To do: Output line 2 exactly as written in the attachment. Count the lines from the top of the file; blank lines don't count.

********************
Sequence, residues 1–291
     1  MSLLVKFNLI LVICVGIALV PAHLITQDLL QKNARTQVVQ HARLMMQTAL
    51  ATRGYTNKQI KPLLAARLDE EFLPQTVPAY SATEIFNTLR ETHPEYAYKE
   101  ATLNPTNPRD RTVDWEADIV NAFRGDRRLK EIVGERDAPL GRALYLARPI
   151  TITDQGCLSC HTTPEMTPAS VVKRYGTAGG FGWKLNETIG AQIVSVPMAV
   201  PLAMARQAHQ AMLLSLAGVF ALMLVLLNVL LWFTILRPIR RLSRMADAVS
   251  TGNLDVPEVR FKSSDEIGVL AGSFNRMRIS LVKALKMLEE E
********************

     1  MSLLVKFNLI LVICVGIALV PAHLITQDLL QKNARTQVVQ HARLMMQTAL